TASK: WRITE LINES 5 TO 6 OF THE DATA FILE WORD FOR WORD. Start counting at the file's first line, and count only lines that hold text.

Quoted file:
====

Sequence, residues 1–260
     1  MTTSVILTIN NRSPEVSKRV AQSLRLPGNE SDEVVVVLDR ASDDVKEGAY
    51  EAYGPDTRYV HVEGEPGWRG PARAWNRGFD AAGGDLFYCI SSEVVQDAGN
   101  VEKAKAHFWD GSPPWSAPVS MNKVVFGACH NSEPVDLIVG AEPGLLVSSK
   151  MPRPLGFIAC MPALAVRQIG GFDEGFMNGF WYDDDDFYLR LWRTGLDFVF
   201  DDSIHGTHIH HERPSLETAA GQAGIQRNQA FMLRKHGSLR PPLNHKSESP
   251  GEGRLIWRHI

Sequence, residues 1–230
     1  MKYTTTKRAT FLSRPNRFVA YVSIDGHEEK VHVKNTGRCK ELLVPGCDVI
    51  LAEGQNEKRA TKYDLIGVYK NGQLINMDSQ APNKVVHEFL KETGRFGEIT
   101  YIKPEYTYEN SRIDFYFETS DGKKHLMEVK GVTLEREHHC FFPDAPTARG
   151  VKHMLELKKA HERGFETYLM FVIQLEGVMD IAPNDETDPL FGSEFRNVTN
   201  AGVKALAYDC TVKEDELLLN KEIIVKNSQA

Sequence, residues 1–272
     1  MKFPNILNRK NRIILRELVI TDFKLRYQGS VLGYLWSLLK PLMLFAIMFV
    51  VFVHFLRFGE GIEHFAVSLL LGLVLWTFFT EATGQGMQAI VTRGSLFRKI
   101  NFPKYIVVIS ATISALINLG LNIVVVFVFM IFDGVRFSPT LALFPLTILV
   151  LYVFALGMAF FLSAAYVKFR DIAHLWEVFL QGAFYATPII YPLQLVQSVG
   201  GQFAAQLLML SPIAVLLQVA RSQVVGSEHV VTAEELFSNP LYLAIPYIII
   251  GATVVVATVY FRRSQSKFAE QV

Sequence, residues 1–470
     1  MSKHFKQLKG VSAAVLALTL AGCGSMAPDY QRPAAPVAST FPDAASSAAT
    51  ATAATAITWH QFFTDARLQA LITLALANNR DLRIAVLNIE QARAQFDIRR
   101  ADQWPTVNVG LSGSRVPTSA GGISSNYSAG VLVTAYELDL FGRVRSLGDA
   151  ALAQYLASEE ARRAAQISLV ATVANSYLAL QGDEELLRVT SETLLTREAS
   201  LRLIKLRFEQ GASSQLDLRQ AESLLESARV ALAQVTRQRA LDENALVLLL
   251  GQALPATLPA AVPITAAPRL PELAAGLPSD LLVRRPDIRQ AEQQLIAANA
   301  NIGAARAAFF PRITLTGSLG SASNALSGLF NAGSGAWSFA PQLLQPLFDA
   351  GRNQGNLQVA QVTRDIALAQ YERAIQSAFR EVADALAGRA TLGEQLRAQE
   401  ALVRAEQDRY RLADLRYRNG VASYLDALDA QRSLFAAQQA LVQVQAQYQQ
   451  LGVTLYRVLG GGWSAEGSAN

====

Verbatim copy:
   151  MPRPLGFIAC MPALAVRQIG GFDEGFMNGF WYDDDDFYLR LWRTGLDFVF
   201  DDSIHGTHIH HERPSLETAA GQAGIQRNQA FMLRKHGSLR PPLNHKSESP